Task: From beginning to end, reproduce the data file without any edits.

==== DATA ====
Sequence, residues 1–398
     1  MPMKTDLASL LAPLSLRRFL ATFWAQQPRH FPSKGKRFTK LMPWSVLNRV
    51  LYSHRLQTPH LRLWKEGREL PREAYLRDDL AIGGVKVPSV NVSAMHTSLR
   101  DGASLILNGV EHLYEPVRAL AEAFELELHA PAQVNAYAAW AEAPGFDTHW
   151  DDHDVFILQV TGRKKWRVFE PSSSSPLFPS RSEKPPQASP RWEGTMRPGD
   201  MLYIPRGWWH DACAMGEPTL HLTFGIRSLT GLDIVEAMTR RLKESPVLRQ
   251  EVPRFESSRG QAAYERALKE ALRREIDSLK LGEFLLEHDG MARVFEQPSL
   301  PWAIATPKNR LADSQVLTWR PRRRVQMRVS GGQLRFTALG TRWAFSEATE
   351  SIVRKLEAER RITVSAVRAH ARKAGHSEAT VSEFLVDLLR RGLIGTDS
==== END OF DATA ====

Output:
Sequence, residues 1–398
     1  MPMKTDLASL LAPLSLRRFL ATFWAQQPRH FPSKGKRFTK LMPWSVLNRV
    51  LYSHRLQTPH LRLWKEGREL PREAYLRDDL AIGGVKVPSV NVSAMHTSLR
   101  DGASLILNGV EHLYEPVRAL AEAFELELHA PAQVNAYAAW AEAPGFDTHW
   151  DDHDVFILQV TGRKKWRVFE PSSSSPLFPS RSEKPPQASP RWEGTMRPGD
   201  MLYIPRGWWH DACAMGEPTL HLTFGIRSLT GLDIVEAMTR RLKESPVLRQ
   251  EVPRFESSRG QAAYERALKE ALRREIDSLK LGEFLLEHDG MARVFEQPSL
   301  PWAIATPKNR LADSQVLTWR PRRRVQMRVS GGQLRFTALG TRWAFSEATE
   351  SIVRKLEAER RITVSAVRAH ARKAGHSEAT VSEFLVDLLR RGLIGTDS